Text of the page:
Guiding investment to industrial and economic objectives: To meet growing domestic demand and remedy the lack of domestic capacity, the 13th FYP pledges to loosen foreign investment restrictions on preschools and childcare centers, elder care, architecture, accounting, auditing, banking, insurance, and securities. Reflecting both its industrial and economic objectives, the 13th FYP also encourages greater foreign investment in advanced manufacturing, high-tech, energy-saving and environmental protection, and modern services, particularly in central and western provinces. However, China maintains a pattern of first welcoming foreign investment into strategic sectors to gain foreign technology, intellectual property, and know-how then restricting investment in those sectors as domestic firms become competitive. This policy creates market space for China’s new firms by pushing out foreign competitors. Thus, the sectors outlined in 13th FYP will likely enjoy only a temporary respite from a loosening of China’s market access barriers. Foreign companies operating in industries championed by the 13th FYP are likely to see market barriers temporarily loosened in ways that benefit domestic competitors.
Strengthening China’s leadership in the international system: The 13th FYP outlines a greater role for China in reforming the international economic system and driving the international economic agenda through promotion of more equitable participation of developing countries; the pursuit of bilateral and multilateral free trade agreements; participation in the development of global Internet governance and international standards; and the formulation of international standards for the Internet, deep sea, the Arctic and Antarctica, and space.
Promote the One Belt, One Road Initiative (OBOR): President Xi’s OBOR initiative, first announced in 2013, is a cornerstone of the 13th FYP openness objective, accounting for an entire chapter in the plan. This initiative is composed of a land-based economic corridor through Central Asia and a maritime counterpart that will run through Southeast Asia and the Indian Ocean to Africa and the Mediterranean Sea. The goal of the OBOR initiative is to facilitate access to natural resources and encourage economic development in China’s poorer western provinces. The priorities of the OBOR is strengthening transportation infrastructure, easing investment and trade, enhancing financial cooperation, and deepening cultural exchanges. OBOR could provide significant economic benefits for the region through greater connectivity and development. However, because it prioritizes China’s economic interests by focusing on exporting it’s local competitiveness, OBOR could create regional dependence, especially among less developed countries, allow China to delay reining in its excess capacity, and limit access for non-Chinese firms to projects.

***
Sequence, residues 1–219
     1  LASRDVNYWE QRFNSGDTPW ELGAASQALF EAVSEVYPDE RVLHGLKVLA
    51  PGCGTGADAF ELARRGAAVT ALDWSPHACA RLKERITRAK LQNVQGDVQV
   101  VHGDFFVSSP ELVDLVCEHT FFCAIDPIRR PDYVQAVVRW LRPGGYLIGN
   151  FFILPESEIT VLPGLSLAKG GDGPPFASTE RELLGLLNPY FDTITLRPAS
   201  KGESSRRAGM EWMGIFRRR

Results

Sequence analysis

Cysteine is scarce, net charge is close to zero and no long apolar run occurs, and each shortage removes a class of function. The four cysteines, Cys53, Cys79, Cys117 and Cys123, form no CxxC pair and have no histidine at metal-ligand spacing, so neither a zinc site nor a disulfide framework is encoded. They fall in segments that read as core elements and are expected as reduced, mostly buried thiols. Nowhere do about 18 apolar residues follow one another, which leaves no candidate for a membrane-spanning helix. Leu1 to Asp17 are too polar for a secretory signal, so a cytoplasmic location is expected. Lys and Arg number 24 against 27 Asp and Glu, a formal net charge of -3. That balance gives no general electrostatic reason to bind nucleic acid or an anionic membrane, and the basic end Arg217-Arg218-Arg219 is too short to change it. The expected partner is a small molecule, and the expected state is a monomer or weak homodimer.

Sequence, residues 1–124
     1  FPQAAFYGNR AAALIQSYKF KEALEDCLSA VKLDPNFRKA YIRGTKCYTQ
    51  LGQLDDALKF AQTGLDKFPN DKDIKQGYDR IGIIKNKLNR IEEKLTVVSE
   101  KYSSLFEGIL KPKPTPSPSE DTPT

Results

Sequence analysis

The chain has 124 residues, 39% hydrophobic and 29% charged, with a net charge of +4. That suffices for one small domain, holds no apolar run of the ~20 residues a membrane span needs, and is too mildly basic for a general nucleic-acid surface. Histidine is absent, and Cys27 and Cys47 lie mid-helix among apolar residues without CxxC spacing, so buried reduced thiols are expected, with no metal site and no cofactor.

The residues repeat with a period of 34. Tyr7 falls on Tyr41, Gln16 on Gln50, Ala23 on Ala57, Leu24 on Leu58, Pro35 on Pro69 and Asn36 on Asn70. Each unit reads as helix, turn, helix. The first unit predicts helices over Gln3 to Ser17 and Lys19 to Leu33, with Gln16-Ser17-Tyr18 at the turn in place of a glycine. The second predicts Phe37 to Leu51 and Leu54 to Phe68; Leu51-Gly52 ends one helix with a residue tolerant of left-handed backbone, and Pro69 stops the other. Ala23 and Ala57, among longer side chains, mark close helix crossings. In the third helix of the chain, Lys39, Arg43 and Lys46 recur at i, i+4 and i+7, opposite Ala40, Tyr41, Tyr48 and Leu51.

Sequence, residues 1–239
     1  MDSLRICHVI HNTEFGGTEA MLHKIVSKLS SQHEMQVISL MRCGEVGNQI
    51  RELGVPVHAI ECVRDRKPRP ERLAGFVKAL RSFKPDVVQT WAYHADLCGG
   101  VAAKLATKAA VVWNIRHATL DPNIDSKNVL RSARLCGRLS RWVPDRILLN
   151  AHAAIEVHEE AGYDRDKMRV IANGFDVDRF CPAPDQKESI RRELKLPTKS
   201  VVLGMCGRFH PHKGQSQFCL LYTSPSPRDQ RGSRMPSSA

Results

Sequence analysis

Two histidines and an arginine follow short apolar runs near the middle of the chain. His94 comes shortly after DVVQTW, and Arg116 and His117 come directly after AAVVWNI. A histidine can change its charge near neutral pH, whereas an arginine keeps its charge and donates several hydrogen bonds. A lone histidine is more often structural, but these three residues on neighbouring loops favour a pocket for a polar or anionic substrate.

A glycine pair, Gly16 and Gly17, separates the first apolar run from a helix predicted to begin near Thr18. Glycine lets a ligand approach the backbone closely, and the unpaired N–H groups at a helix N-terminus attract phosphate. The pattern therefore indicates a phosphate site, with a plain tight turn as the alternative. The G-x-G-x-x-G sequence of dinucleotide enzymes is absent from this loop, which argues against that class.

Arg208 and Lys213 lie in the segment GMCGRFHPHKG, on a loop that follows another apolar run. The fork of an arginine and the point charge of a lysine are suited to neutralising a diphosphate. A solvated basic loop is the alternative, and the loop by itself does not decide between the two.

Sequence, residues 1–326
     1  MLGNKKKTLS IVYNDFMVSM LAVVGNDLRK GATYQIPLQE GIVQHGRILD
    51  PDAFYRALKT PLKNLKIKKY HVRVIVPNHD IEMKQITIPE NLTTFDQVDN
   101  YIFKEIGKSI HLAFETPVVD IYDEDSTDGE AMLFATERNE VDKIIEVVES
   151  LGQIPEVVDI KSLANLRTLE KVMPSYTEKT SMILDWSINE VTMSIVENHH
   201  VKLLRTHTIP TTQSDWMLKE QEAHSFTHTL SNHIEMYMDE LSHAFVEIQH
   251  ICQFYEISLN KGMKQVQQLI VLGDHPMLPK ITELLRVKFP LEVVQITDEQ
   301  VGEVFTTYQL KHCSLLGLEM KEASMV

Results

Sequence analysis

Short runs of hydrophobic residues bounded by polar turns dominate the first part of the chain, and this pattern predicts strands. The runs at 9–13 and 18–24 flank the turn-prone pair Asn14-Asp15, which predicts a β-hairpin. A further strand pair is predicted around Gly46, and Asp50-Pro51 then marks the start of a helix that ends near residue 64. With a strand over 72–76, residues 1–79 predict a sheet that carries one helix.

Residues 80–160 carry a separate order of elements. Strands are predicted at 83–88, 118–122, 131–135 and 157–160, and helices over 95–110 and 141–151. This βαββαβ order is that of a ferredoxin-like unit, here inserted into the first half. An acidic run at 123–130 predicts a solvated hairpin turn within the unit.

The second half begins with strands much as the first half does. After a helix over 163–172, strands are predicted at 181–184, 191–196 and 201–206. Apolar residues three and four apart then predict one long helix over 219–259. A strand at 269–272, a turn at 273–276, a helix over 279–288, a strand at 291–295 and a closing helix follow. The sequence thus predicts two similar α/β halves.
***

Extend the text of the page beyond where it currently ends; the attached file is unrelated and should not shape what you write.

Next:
Boosting China’s internal development:
The 13th FYP expands upon the 12th FYP to push to create a harmonious society toward pursuing “inclusive growth” for all Chinese citizens by alleviating poverty, raising Chinese citizens’ standard of living, improving accessibility and affordability of healthcare services, and promoting education. These targets seek to increase household disposable income, expand basic retirement insurance coverage, reduce the number of residents living below the poverty line, redevelop urban shantytowns, and expand average education levels. Broader urbanization efforts, higher-value-added manufacturing, and environmental reforms will also bolster the 13th FYP goals to alleviate poverty, boost domestic consumption, and create new drivers of economic growth.